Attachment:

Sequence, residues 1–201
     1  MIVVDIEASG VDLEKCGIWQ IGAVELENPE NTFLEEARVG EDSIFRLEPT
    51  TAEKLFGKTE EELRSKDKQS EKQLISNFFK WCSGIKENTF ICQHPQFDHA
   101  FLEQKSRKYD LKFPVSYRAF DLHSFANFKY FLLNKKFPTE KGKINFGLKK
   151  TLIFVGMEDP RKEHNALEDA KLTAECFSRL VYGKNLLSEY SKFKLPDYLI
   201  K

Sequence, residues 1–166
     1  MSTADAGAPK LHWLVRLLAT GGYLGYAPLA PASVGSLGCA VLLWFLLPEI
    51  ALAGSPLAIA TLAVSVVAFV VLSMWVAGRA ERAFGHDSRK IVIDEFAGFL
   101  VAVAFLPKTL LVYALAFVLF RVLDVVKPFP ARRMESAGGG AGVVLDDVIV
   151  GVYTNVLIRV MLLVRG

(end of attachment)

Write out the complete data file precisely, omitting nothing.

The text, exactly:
Sequence, residues 1–201
     1  MIVVDIEASG VDLEKCGIWQ IGAVELENPE NTFLEEARVG EDSIFRLEPT
    51  TAEKLFGKTE EELRSKDKQS EKQLISNFFK WCSGIKENTF ICQHPQFDHA
   101  FLEQKSRKYD LKFPVSYRAF DLHSFANFKY FLLNKKFPTE KGKINFGLKK
   151  TLIFVGMEDP RKEHNALEDA KLTAECFSRL VYGKNLLSEY SKFKLPDYLI
   201  K

Sequence, residues 1–166
     1  MSTADAGAPK LHWLVRLLAT GGYLGYAPLA PASVGSLGCA VLLWFLLPEI
    51  ALAGSPLAIA TLAVSVVAFV VLSMWVAGRA ERAFGHDSRK IVIDEFAGFL
   101  VAVAFLPKTL LVYALAFVLF RVLDVVKPFP ARRMESAGGG AGVVLDDVIV
   151  GVYTNVLIRV MLLVRG